After a fair few years in the pop wilderness, Beyonce and Rihanna returned this year with surprise albums that took a swerve from the shallow nature of the Top 40. ‘Lemonade’ and ‘Anti’ are two very different albums with two very different agendas but both see their superstar auteurs fighting to be shown as the strong, empowered women they are rather than being defined by their suffering.
When Beyoncé dropped her self-titled fifth album on iTunes without any announcement or warning, something changed in pop music. If the biggest pop star in the world – and there is no denying that Beyoncé is the biggest pop star in the world, even if you don’t want to believe it – could conceal news like this, then anything was possible. Less became more. Beyoncé’s stripped down electronica production felt like a darker reflection of Madonna’s Ray of Light and a sharp move away from the dazzling R&B pop sheen of Bey’s past. Songs like ‘Yoncé,’ ‘Partition’ and ‘Rocket’ saw Beyoncé embrace her body, and her sexuality, like never before. This was an album dripping in sex and lined up nicely with the un-touchable image that Beyoncé and her husband Jay Z had cultivated over the decade they’d been together. They were still, ahem, crazy in love.
But in the three years since Beyoncé dropped, something has clearly changed. The Beyoncé we see in Lemonade – her newly released, already world-mauling sixth studio album – is not the Beyoncé who, three years ago, was dancing on a beach with Jay Z. Lemonade continues where Beyoncé left us in terms of the stripped-down R&B sonic stylings (even with occasional dips into country and rock) but kickstarts a whole new narrative for pop’s resident Queen Bee. Lemonade is clearly an album which touches on political issues- with ‘Freedom’ and ‘Formation’ being notable nods to the Black Lives Matter movement – but for the album’s sprawling 60 minute ‘film’ the dominant narrative is that of a woman discovering (and the reacting to) her husband’s infidelity. It would be reasonable to assume the man is Jay Z, the wife he cheated on Beyoncé. The other woman, this ‘Becky with the good hair’? In the context of Lemonade, these details are irrelevant, a moot point.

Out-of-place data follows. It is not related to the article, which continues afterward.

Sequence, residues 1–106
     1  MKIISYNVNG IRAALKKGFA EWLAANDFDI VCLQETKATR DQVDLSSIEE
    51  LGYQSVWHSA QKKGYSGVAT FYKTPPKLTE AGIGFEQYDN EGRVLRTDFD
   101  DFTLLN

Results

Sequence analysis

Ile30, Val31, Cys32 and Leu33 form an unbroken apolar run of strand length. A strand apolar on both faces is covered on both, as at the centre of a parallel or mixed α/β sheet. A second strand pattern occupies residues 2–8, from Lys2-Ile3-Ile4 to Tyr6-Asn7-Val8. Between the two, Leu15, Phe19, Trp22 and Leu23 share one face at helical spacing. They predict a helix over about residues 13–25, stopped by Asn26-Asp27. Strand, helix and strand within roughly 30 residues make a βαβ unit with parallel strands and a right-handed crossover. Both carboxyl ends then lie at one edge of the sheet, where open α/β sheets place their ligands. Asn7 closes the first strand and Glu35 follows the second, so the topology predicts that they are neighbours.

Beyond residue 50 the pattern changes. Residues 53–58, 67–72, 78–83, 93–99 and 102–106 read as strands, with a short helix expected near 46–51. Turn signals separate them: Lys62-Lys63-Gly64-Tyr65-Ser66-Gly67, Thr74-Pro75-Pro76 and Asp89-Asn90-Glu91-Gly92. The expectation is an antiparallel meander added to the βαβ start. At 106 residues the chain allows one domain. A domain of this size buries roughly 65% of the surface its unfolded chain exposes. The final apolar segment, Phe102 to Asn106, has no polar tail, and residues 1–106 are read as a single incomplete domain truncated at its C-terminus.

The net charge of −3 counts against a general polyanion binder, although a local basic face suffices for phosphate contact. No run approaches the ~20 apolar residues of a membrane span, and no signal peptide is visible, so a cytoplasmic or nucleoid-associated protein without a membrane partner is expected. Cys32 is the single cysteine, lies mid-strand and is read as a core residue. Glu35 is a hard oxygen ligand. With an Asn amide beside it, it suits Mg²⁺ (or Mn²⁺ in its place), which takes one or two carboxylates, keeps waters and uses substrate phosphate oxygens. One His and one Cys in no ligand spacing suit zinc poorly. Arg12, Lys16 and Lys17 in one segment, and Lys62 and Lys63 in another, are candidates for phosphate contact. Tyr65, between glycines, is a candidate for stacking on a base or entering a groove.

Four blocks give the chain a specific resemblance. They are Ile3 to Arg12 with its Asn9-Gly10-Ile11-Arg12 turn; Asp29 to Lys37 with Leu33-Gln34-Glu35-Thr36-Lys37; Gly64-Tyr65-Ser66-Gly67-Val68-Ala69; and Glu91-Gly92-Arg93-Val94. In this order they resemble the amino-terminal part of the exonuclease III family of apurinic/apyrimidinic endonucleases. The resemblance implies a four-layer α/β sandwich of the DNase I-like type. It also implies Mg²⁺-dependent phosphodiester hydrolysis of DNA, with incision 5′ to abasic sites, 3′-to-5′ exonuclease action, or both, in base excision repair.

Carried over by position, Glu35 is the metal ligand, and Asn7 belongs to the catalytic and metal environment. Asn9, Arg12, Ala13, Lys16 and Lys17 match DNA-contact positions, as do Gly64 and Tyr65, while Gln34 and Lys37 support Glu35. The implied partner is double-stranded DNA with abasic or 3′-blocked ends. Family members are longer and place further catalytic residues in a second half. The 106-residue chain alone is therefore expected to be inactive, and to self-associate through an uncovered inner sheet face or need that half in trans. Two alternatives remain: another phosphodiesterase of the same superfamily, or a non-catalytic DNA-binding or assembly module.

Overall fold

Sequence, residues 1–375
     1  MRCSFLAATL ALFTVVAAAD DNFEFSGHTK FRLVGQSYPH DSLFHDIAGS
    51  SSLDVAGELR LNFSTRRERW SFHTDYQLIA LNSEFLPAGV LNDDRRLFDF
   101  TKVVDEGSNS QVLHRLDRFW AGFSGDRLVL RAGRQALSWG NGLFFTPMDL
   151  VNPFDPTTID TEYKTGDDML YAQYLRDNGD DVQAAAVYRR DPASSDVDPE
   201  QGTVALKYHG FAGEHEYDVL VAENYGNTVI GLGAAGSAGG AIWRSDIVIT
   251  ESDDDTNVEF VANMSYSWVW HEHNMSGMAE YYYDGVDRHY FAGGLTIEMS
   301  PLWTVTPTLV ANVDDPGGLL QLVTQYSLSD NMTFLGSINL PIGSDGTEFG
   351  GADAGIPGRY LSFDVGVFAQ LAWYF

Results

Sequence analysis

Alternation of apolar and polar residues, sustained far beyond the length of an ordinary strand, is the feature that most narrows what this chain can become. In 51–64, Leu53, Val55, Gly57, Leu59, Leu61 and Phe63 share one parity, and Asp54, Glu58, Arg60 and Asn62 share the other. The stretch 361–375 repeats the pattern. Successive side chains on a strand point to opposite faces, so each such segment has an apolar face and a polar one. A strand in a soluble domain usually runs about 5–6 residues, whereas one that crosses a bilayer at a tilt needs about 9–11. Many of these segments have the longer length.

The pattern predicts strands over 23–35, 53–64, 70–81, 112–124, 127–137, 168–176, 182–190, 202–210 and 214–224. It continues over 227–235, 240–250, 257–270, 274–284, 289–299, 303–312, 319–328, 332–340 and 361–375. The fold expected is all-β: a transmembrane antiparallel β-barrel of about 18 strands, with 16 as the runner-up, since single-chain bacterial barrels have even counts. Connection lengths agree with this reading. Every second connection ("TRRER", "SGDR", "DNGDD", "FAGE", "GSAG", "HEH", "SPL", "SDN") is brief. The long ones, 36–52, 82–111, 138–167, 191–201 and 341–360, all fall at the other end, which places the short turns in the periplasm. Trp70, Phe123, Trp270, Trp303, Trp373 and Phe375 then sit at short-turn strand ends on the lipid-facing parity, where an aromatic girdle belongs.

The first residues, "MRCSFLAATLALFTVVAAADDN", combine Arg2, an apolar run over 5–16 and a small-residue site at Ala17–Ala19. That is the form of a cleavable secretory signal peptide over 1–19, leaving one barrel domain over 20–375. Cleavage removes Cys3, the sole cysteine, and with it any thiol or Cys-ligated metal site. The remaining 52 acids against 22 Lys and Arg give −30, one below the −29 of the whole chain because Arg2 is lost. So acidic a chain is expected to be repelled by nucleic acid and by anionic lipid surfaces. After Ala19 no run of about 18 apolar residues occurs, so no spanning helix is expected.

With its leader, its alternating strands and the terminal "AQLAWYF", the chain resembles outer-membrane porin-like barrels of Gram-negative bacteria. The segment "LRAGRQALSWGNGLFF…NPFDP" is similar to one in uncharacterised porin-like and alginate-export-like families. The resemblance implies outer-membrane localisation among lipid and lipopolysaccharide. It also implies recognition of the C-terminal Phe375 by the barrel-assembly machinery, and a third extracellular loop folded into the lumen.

The only thing that matters in Lemonade is Beyoncé herself; she is one woman who will not be defined by her husband or his actions. It seems – in pop music especially – it’s all too easy to frame women who have been cheated on in role of a victim. It is, after all, usually given a syrupy Sia-penned ballad and a heartfelt music video with lots of emotional close-ups and tears. Beyoncé, in Lemonade, simply refuses to adopt such a position. Instead she, quite literally, takes a baseball bat and uses her anger in the explosive ‘Hold Up.’ She struts down the street smashing windows, defacing fire hydrants and, at one point, whips her hair in the face of a fiery explosion. It’s the very personification of zero fucks given. Even in the album’s most tender cut, ‘Sandcastles,’ Beyoncé’s vocals simply drip with anger and regret – her voice noticeably cracked after talking about scratching her husband’s face from all their pictures together. It’s raw, it’s emotional but Beyoncé is never weak – she refuses to be a victim.